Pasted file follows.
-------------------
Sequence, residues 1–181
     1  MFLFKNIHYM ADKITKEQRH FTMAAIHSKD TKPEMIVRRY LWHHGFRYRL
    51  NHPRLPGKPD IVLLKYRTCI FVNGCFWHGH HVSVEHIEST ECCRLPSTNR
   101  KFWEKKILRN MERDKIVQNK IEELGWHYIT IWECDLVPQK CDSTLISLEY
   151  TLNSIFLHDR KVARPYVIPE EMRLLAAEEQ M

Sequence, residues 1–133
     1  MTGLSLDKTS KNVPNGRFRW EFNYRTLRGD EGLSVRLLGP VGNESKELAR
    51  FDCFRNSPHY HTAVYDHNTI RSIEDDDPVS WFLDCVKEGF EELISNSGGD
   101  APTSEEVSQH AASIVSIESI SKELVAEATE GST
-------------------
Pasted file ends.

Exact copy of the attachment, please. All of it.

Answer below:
Sequence, residues 1–181
     1  MFLFKNIHYM ADKITKEQRH FTMAAIHSKD TKPEMIVRRY LWHHGFRYRL
    51  NHPRLPGKPD IVLLKYRTCI FVNGCFWHGH HVSVEHIEST ECCRLPSTNR
   101  KFWEKKILRN MERDKIVQNK IEELGWHYIT IWECDLVPQK CDSTLISLEY
   151  TLNSIFLHDR KVARPYVIPE EMRLLAAEEQ M

Sequence, residues 1–133
     1  MTGLSLDKTS KNVPNGRFRW EFNYRTLRGD EGLSVRLLGP VGNESKELAR
    51  FDCFRNSPHY HTAVYDHNTI RSIEDDDPVS WFLDCVKEGF EELISNSGGD
   101  APTSEEVSQH AASIVSIESI SKELVAEATE GST